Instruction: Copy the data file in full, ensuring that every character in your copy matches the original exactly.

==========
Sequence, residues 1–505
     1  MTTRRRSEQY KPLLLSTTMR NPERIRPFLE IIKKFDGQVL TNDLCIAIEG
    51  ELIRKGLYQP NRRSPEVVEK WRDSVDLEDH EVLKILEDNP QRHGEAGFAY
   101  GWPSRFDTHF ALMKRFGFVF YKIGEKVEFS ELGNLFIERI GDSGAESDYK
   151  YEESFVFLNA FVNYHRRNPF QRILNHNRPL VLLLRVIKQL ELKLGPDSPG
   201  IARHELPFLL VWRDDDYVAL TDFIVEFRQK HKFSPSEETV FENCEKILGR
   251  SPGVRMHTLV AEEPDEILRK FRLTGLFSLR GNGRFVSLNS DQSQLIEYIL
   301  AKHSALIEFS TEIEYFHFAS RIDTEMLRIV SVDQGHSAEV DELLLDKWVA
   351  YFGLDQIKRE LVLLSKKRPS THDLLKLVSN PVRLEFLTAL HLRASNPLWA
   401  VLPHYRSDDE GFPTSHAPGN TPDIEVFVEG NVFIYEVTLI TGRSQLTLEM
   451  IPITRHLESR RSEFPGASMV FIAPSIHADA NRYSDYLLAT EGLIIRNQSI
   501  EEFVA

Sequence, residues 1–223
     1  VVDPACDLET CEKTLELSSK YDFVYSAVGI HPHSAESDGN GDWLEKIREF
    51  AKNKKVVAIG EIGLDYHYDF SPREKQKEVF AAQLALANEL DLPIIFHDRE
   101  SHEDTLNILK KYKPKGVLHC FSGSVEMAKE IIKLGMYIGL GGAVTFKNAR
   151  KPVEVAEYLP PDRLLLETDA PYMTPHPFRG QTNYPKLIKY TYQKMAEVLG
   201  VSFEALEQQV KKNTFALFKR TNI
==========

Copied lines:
Sequence, residues 1–505
     1  MTTRRRSEQY KPLLLSTTMR NPERIRPFLE IIKKFDGQVL TNDLCIAIEG
    51  ELIRKGLYQP NRRSPEVVEK WRDSVDLEDH EVLKILEDNP QRHGEAGFAY
   101  GWPSRFDTHF ALMKRFGFVF YKIGEKVEFS ELGNLFIERI GDSGAESDYK
   151  YEESFVFLNA FVNYHRRNPF QRILNHNRPL VLLLRVIKQL ELKLGPDSPG
   201  IARHELPFLL VWRDDDYVAL TDFIVEFRQK HKFSPSEETV FENCEKILGR
   251  SPGVRMHTLV AEEPDEILRK FRLTGLFSLR GNGRFVSLNS DQSQLIEYIL
   301  AKHSALIEFS TEIEYFHFAS RIDTEMLRIV SVDQGHSAEV DELLLDKWVA
   351  YFGLDQIKRE LVLLSKKRPS THDLLKLVSN PVRLEFLTAL HLRASNPLWA
   401  VLPHYRSDDE GFPTSHAPGN TPDIEVFVEG NVFIYEVTLI TGRSQLTLEM
   451  IPITRHLESR RSEFPGASMV FIAPSIHADA NRYSDYLLAT EGLIIRNQSI
   501  EEFVA

Sequence, residues 1–223
     1  VVDPACDLET CEKTLELSSK YDFVYSAVGI HPHSAESDGN GDWLEKIREF
    51  AKNKKVVAIG EIGLDYHYDF SPREKQKEVF AAQLALANEL DLPIIFHDRE
   101  SHEDTLNILK KYKPKGVLHC FSGSVEMAKE IIKLGMYIGL GGAVTFKNAR
   151  KPVEVAEYLP PDRLLLETDA PYMTPHPFRG QTNYPKLIKY TYQKMAEVLG
   201  VSFEALEQQV KKNTFALFKR TNI